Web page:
(2) negative ions migrating to the positive elec-
more electroluminescent panels.
trode, where they lose electrons; and (3) current
electroluminescent panel A panel that forms a
flow in the external circuit, which consists of con-
complete electroluminescent cell. It delivers low-
ventional electron flow (current in the electrolyte
intensity visible light when an alternating-
is a movement of ions).
current (ac) voltage is applied to it. Available in
electrolytic conductivity Conductance of an elec-
various sizes and shapes.
trolyte. It is the conductance of a cube of the elec-
electrolysis 1. The action whereby a current pass-
trolyte, measuring one centimeter along each
ing through a conductive solution (electrolyte)
edge, at a specified temperature.
produces a chemical change in the solution and
electrolytic corrosion Corrosion caused by an ap-
the electrodes. 2. An electrical method of destroy-
plied voltage, or that is accelerated by the voltage.
ing hair roots.
Compare GALVANIC CORROSION.
electrolyte A substance that ionizes in solution.
electrolytic current meter See VOLTAMMETER.
Electrolytes conduct electricity; in batteries, they
electrolytic dissociation See DISSOCIATION.
are instrumental in producing electricity by
electrolytic elapsed-time meter An instrument
chemical action.
that indicates the time that equipment has been
electrolytic 1. Containing an electrolyte sub-
in operation in terms of the amount of metal
stance. 2. See ELECTROLYTIC CAPACITOR.
240 electrolytic elapsed-time meter • electromagnetic energy conversion


electroplated on the cathode of an electrolytic radiotelephony, facsimile, and television. 2. Elec-
cell by energy consumed during the period. tronic communication via electromagnetic fields
electrolytic gas A gas produced by electrolysis. (i.e., radio communication).
Examples are hydrogen (H) and oxygen (O), gen- electromagnetic compatibility 1. The ability of a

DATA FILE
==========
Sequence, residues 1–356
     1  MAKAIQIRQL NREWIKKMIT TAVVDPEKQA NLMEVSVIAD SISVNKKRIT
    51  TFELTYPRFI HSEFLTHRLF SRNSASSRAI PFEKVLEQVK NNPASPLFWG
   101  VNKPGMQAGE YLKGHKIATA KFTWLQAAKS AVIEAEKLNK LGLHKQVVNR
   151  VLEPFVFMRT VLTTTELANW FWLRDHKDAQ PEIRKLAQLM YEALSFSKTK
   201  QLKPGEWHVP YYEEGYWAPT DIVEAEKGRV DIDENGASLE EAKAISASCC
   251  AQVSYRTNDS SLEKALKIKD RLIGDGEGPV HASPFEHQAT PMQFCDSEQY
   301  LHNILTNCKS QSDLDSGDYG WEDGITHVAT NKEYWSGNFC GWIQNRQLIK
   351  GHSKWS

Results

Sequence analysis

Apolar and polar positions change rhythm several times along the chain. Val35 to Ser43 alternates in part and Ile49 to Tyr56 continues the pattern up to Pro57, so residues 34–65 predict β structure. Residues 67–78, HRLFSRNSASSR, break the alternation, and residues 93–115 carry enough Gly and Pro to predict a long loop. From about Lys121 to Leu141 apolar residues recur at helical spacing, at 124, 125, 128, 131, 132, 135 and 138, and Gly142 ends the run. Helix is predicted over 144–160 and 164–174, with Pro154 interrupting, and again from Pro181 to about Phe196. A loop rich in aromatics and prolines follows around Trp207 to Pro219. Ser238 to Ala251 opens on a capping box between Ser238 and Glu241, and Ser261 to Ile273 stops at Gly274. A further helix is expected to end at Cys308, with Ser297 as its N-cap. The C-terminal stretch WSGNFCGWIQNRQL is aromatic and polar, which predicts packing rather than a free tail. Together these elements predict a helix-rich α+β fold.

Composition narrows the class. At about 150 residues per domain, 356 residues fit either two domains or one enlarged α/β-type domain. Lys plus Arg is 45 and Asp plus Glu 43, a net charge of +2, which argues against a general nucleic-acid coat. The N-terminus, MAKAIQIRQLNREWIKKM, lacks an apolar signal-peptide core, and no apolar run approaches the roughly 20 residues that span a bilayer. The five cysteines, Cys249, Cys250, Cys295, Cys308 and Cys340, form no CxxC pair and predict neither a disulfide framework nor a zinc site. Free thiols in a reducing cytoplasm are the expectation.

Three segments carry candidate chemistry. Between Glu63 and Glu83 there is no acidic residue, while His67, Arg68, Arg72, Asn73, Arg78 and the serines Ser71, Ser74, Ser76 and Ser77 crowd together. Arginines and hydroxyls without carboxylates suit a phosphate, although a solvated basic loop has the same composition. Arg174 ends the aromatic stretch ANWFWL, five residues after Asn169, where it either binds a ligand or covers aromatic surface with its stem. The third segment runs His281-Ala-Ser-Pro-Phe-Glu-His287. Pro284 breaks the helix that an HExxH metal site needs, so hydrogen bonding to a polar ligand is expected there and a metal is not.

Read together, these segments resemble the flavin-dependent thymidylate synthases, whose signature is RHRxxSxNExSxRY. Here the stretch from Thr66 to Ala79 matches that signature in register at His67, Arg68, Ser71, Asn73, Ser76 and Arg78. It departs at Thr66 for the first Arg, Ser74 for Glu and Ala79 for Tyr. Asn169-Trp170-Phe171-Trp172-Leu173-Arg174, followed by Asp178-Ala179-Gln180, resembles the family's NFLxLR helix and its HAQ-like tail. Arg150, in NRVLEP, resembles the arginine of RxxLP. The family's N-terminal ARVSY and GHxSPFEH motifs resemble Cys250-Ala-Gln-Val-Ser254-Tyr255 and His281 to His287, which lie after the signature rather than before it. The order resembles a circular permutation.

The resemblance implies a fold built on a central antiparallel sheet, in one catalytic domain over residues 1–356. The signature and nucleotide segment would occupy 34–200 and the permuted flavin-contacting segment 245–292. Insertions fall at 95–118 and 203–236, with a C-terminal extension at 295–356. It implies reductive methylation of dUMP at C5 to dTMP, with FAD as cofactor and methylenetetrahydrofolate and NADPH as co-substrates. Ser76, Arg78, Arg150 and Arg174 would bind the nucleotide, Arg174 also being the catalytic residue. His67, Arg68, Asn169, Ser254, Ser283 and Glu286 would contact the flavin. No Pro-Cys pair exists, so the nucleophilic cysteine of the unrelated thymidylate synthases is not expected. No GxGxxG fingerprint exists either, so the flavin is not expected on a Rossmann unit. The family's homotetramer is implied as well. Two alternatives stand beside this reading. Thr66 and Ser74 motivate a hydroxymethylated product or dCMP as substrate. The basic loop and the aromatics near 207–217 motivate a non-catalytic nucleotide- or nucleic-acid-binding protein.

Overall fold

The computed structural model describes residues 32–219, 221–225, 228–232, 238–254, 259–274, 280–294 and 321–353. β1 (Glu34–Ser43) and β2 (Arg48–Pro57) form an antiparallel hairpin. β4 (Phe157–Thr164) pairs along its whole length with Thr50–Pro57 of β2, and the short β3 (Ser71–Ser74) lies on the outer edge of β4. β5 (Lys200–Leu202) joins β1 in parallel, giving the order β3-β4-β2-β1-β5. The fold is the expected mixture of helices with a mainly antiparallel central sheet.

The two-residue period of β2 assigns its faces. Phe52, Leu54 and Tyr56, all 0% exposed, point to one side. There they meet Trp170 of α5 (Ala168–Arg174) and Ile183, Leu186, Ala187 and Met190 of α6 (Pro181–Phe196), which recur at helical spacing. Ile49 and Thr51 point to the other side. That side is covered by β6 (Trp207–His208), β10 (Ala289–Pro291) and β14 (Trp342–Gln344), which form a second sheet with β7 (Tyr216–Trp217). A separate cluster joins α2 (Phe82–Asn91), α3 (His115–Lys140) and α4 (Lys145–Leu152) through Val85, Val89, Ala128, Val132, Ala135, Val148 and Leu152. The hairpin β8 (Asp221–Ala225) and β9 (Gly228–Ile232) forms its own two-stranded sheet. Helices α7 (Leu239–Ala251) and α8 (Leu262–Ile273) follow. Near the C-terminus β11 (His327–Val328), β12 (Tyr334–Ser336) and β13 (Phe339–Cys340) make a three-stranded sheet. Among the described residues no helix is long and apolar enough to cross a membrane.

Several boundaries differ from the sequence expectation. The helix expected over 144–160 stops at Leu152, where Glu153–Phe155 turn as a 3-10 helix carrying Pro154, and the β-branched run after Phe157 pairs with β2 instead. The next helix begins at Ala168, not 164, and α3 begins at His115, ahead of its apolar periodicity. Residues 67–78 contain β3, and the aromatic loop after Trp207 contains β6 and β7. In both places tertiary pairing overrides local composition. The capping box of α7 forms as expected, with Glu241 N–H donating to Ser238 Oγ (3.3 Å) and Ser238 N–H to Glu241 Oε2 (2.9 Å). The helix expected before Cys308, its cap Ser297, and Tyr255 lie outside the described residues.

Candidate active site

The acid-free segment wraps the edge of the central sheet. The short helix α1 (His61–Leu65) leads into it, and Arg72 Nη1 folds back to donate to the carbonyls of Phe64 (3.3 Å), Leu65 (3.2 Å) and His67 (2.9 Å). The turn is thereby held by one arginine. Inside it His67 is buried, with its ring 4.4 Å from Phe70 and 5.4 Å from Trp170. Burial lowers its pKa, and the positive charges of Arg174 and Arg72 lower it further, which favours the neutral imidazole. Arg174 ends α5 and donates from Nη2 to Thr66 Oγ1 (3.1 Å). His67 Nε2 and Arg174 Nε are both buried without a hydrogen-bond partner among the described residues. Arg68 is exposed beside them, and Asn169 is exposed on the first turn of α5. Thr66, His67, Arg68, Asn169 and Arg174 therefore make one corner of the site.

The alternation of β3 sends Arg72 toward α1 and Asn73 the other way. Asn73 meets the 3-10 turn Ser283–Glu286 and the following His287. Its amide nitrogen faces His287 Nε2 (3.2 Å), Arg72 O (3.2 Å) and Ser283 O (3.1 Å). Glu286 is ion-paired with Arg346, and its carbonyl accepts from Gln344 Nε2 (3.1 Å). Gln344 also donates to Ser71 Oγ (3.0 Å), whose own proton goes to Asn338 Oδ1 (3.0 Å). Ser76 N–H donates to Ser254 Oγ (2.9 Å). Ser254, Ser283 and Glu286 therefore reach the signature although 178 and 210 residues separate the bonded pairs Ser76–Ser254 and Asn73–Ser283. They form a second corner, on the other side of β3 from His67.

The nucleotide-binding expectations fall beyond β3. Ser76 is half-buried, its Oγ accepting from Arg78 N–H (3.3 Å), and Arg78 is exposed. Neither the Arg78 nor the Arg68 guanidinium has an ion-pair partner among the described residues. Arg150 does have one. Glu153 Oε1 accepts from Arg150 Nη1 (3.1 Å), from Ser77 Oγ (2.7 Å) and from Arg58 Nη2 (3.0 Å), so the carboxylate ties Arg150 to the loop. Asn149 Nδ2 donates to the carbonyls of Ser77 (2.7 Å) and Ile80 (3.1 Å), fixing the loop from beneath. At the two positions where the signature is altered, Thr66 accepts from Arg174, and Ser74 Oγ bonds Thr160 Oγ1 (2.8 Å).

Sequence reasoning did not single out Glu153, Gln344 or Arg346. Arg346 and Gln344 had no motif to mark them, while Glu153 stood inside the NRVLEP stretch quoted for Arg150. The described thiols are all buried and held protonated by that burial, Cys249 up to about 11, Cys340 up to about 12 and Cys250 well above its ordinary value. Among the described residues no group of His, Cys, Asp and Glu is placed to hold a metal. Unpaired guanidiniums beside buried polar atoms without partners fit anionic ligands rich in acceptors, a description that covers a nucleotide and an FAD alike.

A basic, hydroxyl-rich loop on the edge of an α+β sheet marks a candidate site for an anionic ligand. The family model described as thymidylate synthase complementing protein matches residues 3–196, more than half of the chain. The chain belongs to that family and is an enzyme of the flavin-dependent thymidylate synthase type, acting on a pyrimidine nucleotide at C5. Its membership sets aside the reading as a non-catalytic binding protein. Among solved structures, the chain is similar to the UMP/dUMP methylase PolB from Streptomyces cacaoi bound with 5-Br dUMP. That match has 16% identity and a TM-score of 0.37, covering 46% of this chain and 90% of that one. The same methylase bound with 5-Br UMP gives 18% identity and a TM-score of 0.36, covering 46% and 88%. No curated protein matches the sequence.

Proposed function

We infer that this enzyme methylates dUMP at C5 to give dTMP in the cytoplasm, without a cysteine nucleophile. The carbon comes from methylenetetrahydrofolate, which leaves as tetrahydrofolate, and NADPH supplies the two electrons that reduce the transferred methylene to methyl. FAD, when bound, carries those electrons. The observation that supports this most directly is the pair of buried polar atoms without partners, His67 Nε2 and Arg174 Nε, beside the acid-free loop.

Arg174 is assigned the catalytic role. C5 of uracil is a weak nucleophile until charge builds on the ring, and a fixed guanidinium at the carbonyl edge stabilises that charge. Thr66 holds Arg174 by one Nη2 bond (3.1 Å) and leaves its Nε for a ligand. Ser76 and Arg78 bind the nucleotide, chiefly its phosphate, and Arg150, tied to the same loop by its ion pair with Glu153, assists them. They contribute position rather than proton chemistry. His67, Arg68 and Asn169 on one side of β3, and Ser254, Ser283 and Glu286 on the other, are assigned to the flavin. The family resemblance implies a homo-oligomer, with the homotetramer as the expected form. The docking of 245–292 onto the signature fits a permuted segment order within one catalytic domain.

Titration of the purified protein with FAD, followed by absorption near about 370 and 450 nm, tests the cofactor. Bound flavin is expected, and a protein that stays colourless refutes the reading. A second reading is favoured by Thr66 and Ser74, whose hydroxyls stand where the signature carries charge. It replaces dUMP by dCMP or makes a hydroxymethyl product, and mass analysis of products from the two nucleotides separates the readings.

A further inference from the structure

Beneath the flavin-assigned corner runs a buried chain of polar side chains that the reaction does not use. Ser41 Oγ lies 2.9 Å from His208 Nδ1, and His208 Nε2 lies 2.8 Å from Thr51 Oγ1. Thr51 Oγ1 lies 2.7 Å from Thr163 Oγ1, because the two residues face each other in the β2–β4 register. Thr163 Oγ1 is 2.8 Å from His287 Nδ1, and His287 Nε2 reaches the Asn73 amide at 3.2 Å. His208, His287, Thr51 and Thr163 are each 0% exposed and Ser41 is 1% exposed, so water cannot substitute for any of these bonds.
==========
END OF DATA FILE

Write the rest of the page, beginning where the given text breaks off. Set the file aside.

erated in a ratio of two to one, by the electrolysis set of electronic devices to work together without
of water (H2O). being adversely affected by each other™s electro-
electrolytic iron Very pure iron obtained by elec- magnetic fields. 2. In radio communication, the
trolytic refining. relative immunity of a device or devices to the ef-
electrolytic polarization In electrolysis, the ten- fects of electromagnetic fields.
dency for the products to recombine. In an elec- electromagnetic complex A system that produces
trolytic cell, this effect interferes with the electromagnetic radiation.
performance of the cell, reducing the voltage. electromagnetic component 1. The magnetic
electrolytic potential The difference of potential component of an electromagnetic wave, which is
that appears between a metal electrode in an perpendicular to the electrostatic component,
electrolyte and the electrolyte immediately and can be thought of as the wave™s current
surrounding it. Also see ELECTROMOTIVE component. 2. A device operated by electro-
SERIES. magnetism, such as a coil-type relay or a current-
electrolytic recorder A data recorder that uses a operated field magnet.
paper impregnated with a chemical that turns electromagnetic consonance An effect that takes
dark when an electric current passes through the place when two antenna elements, both having